If you are not a regular visitor to sf.streetsblog.org, you should definitely check it out. They have a great story on the alternatives being considered for speeding up travel on Van Ness Avenue. Faster and more reliable transit is one of the best ways to Reset San Francisco. Aaron Bialick at SFStreetsBlog has the Van Ness Bus Rapid Transit story nailed here. Read More
On the weekend of December 10-11, CityCampSF (via GovFresh) hosted a hackathon to get San Francisco’s innovators, data junkies, public policy lovers and web developers together for a weekend of innovation. Armed with laptops, power strips, a kitchen full of snacks and various sites of government data, CityCampSF’s Hackathon-ers began on their 24-hour-long mission to use open data to make San Francisco a better place to live. Read More
By: Phil Ting
Last Spring, with your overwhelming support both online and offline, we were able to save GoSolarSF from the chopping block when the San Francisco Public Utilities Commission proposed devastating budget cuts to this successful green program. (You can watch the rally video here.)
In these economic times, we need to support programs that are showing results. That's why I'm asking you to join us and help preserve funding for GoSolarSF. Read More
For the first time in the history of the TED prize the winning recipient was not an individual — but rather an idea.
The 2012 TED Prize was awarded to the concept City 2.0. The idea of City 2.0 deals with how a growing world population of more than ten billion people (4 billion of which are urbanites) can live sustainably. The idea aims to tap into the world’s collective knowledge to crowdsource ways to cultivate innovation, education, culture and economic opportunity. Read More
As the holidays approach, we are always reminded of how grateful we are. But the hard reality is that it has been a tough few years for many we know, and many of our neighbors are in need. We recently read a heartbreaking article about how increasingly kids are asking Santa for heat and homes instead of toys.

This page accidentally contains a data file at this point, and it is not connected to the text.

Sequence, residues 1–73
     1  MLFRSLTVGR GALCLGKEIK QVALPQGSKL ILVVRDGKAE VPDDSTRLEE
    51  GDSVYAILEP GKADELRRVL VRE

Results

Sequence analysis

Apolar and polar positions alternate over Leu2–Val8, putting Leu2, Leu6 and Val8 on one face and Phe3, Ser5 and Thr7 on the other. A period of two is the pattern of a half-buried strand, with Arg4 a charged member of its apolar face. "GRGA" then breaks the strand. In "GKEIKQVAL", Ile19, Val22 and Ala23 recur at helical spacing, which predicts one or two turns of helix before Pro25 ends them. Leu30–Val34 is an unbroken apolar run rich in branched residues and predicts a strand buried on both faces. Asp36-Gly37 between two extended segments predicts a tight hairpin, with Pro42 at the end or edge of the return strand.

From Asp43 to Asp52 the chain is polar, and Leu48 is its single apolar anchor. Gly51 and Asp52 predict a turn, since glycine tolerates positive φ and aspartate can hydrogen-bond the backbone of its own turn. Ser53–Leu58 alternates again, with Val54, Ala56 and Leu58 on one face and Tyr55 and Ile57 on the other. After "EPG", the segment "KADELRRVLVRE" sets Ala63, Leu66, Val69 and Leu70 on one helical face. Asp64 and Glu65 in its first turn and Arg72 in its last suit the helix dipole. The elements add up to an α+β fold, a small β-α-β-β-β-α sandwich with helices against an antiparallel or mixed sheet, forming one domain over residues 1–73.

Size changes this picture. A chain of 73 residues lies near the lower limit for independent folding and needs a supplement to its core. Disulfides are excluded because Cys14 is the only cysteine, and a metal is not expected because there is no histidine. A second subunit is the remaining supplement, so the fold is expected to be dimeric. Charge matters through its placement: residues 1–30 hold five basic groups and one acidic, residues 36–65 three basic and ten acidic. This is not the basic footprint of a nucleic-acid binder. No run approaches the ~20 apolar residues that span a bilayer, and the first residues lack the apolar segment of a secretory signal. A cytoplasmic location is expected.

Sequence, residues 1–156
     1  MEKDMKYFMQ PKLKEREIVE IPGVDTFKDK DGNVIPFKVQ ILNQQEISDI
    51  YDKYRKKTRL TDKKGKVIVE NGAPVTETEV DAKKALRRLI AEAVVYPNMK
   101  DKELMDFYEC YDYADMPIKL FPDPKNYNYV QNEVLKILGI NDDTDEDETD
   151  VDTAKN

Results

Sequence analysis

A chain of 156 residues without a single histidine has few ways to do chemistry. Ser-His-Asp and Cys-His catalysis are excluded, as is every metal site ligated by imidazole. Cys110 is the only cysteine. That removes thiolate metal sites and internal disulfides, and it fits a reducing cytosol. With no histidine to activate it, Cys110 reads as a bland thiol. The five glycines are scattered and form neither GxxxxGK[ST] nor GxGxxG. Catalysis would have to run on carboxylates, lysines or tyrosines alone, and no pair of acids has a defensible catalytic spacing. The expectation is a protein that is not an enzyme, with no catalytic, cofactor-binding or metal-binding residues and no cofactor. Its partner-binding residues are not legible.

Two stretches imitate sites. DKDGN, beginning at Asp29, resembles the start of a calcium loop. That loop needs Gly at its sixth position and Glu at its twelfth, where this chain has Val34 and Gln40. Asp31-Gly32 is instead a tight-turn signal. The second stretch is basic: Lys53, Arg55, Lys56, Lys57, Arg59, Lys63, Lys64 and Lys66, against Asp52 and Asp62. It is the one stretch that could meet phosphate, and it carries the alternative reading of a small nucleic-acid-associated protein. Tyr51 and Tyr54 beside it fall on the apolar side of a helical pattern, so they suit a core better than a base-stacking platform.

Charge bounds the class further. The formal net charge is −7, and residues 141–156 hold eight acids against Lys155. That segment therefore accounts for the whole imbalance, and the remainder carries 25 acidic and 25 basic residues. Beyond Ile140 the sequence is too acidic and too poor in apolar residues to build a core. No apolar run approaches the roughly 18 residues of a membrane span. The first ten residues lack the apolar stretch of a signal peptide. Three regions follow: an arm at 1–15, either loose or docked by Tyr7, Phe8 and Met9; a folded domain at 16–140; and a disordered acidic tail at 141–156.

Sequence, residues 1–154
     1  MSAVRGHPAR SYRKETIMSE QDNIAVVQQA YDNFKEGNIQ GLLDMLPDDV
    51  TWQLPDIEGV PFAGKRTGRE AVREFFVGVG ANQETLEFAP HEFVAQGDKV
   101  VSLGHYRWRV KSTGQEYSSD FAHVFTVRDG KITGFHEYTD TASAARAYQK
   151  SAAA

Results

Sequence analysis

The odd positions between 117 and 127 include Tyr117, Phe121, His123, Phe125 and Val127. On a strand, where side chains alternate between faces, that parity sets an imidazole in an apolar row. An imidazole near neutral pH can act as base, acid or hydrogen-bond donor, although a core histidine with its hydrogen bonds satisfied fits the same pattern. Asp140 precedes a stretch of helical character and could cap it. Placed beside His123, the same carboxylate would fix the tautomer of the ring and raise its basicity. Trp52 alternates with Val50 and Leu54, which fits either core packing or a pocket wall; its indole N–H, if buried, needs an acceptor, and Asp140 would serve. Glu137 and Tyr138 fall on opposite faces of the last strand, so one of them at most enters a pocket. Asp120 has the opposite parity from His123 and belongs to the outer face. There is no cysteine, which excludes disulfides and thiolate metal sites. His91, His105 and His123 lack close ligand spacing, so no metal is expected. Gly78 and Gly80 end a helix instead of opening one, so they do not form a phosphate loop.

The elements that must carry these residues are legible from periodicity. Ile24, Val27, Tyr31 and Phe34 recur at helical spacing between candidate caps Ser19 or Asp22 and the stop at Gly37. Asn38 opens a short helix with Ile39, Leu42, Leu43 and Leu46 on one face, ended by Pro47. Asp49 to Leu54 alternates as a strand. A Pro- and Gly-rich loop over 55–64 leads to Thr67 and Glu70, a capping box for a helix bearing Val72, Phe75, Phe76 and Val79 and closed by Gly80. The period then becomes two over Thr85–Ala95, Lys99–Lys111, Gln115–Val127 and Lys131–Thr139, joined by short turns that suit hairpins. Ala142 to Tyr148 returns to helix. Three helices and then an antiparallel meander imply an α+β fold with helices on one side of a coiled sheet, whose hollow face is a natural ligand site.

So in the spirit of the holiday season, here is an awesome way you can play Santa and do some good. Read More
Last weekend the San Francisco Municipal Transportation Agency (SFMTA) SFpark project released a data set including information on the location and schedules of regular tow-away zones in the city. The SFMTA hopes developers will incorporate this data into apps and websites to help San Franciscans avoid the unpleasant and costly experience of getting towed and parking tickets. Read More
A new study from the Pew Center on the States shows that Minnesota offers its voters much better online voter services than California. And Minnesota is not alone. Overall, the study gave California a score of just 59.6 out of 100 for its state election website. The study flunked California because the state’s election website failed to give voters a way to check their registration status, polling place, status of absentee ballots, requirements to register or details on specialized voting equipment for people with disabilities. California was one of only two states that failed to give all its voters five basic online tools. (The other state was Vermont.) Read More
In 2008 the SFMTA completed a comprehensive study of Muni known as the Transit Effectiveness Project (TEP). The TEP contained a wealth of information and recommendations about how to make Muni faster and more reliable. While the plan is encouraging, almost none of the TEP findings have been put into effect. The delay is partly due to budgetary constraints, but the key impediment has been the time necessary for the environmental review process as required by the California Environmental Quality Act (CEQA). Now the SFMTA is working with the San Francisco Planning Department to begin the environmental review of the TEP in order to comply with CEQA. Read More
We’ve written before about the power of social media especially in law enforcement. Across the country, innovative police departments are reimagining how technology can help them work faster and smarter — with huge payoffs for public safety.
Last year the Los Angeles Police Department won a $3 million federal grant to use internal crime data to see if future crime trends could be predicted. This predictive policing model looks for micro trends in police reports and other internal data and seeks to spot future trends. Read More
By: Bernadette Samson
We love data because we’re total geeks at Reset San Francisco, but XKCD webcomic artist Randall Munroe has out-geeked us with this infographic that shows how powerful data can be. Munroe’s “Money” infographic visually depicts money in various denominations and grouped through its various sources — the wealth of the top 10 billionaires, an average American household’s income, the costs of consumer goods and even the amount (in US dollars) of the “proven” capacity of oil reserves, among others. Read More